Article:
Am Fam Physician. 2002 Aug 15;66(4):597-598.
“Her other medical problems include methadone treatment of heroin addiction, hepatitis C, seizures, and chronic depression. Plus, she is under a lot of stress at home because her teenaged son is in a gang,” reported CG. The second-year resident was describing a woman in her late 30s whose chief complaint was chronic low back pain, which began after a car accident more than 10 years earlier. The patient was demanding a prescription for a narcotic pain reliever. Various other treatment modalities that had been tried in the past included nonsteroidal anti-inflammatory drugs, muscle relaxants, and physical therapy, but none of these had helped much and the patient was unhappy. CG discussed the patient at length with the faculty. Together they came up with a treatment plan, which included increasing her antidepressant medication and referring her to family counseling. She also received a long overdue Papanicolaou (Pap) smear. DE, the faculty member, commended CG for remembering to perform routine preventive services on such a complex, demanding patient.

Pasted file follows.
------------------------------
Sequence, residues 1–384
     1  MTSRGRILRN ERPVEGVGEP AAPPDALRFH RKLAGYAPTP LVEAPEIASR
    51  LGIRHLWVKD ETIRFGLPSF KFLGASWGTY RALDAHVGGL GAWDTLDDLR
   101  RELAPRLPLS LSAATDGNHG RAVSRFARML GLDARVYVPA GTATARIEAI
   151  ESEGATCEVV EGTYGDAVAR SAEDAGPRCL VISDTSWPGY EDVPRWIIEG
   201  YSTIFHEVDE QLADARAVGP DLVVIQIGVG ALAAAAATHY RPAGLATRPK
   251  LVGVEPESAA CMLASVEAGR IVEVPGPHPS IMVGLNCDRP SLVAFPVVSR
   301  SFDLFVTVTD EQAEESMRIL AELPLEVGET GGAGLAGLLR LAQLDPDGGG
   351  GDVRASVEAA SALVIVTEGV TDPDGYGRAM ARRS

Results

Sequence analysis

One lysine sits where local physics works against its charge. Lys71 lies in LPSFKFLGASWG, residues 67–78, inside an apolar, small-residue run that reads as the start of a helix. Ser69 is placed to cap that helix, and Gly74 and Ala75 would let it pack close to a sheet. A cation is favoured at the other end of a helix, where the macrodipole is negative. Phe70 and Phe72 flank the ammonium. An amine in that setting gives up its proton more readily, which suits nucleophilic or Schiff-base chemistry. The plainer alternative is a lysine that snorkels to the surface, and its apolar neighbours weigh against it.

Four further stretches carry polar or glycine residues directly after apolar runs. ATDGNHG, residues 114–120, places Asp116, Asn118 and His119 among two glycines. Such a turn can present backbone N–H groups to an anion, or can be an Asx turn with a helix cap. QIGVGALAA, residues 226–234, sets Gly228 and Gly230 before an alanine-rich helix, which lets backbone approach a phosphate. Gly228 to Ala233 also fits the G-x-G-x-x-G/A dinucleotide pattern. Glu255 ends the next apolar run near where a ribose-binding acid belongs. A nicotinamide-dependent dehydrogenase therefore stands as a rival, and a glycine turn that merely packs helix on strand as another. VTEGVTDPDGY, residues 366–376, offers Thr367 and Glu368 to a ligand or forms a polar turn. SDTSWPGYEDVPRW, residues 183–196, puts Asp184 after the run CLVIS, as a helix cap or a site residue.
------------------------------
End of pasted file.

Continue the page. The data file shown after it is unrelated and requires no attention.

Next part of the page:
During nursing home rounds, KS and PM, the second-year resident, were informed that one of the residents had a two-day episode of vaginal bleeding. The 60-year-old woman had sustained a severe head injury 25 years earlier, and she had been in long-term care ever since. She was completely bedridden and dependent in most activities of daily living. The patient was able to speak with some difficulty and always maintained a cheerful demeanor, despite her limitations. KS had taken over her care four years earlier. “As far as I know, she has never even had a Pap smear,” KS remarked to PM. She went on to explain that ordinarily frail nursing home patients do not benefit from regular Pap smears, because of their limited life expectancy. Instead, the nursing home physician focuses prevention efforts on improving or maintaining quality of life. But this particular patient had been stable for many years, and she could be expected to live for many more. “It seems to me that we ought to at least do a pelvic exam and make sure she doesn't have an obvious cause for the bleeding. After that, we will decide if anything else needs to be done,” KS suggested.